Labour has the leader its membership wanted, though Jeremy Corbyn's reluctance to embrace a second Brexit referendum as party policy is putting a strain on that loyalty. The Conservative grass roots, in contrast, are very out of love with Theresa May and instead favour Boris Johnson, the only Tory politician with even a modicum of populist magic.
So the change-of-leadership safety valve is not so much disabled as captured by an unparliamentary election process. It is quite likely, as in Labour's case, to produce a leader out of harmony with the Parliamentary party. Far from relieving the constitutional dysfunctionality, therefore, that makes it worse.
This analysis would not be complete without reference to the devolved administrations of Wales, Scotland and Northern Ireland - also a relative novelty bolted on to the unwritten constitution for reasons of political expediency. The setting up of the Scottish Parliament in 1998, following a referendum, was designed to gain favour for the Scottish Labour Party but instead provided a power base for the Scottish Nationalists. The constitutional implications of this innovation are massive, especially as the Scottish Parliament overwhelmingly favours continued membership of the EU. In the 2016 Brexit referendum Scotland voted 62-38 to remain. This is not necessarily a component of Westminster dysfunctionality, but could become so if a general election produced a minority Labour government which relied on SNP support.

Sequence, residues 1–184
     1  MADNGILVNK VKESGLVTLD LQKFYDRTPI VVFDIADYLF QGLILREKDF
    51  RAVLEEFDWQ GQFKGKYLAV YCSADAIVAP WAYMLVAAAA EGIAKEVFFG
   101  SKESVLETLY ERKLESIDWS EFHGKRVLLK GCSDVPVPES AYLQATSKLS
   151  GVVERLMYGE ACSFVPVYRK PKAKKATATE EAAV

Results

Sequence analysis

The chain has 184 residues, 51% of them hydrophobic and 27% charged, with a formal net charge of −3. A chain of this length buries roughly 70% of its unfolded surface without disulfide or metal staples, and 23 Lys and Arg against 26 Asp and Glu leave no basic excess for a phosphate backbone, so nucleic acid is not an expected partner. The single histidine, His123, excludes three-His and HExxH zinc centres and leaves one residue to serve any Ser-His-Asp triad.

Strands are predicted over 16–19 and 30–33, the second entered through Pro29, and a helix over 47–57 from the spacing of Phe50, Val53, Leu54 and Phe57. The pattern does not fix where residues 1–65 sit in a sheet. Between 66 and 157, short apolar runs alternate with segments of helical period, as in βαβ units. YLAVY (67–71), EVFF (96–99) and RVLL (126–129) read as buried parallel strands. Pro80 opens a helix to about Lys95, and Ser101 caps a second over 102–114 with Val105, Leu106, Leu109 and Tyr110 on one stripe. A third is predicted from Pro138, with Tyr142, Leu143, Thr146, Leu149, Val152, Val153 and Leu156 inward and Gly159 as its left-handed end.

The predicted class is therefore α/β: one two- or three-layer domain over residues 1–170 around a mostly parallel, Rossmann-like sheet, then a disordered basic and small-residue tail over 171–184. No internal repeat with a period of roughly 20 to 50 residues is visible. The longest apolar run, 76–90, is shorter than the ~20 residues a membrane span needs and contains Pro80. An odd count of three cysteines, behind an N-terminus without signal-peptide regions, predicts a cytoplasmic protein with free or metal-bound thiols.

This is a very tangled web, and it is hard to see it untangled without something like a Royal Commission, which could take a long hard look at the problems. But some things already stand out. The Fixed Term Parliament Act is an anomaly, and needs to be repealed as soon as it can be. The doctrine that referendums are superior to Parliamentary elections needs to be repudiated and disavowed by all the major parties, so that parliamentary sovereignty is truly restored and rational argument based on evidence again becomes the only way major national decisions are reached. And all Parliamentary parties need to regain the upper hand in leadership elections, as they represent the electorate in the way that party memberships do not.
Clifford Longley will be writing regular updates on Brexit over the coming weeks. To read more click on the links below.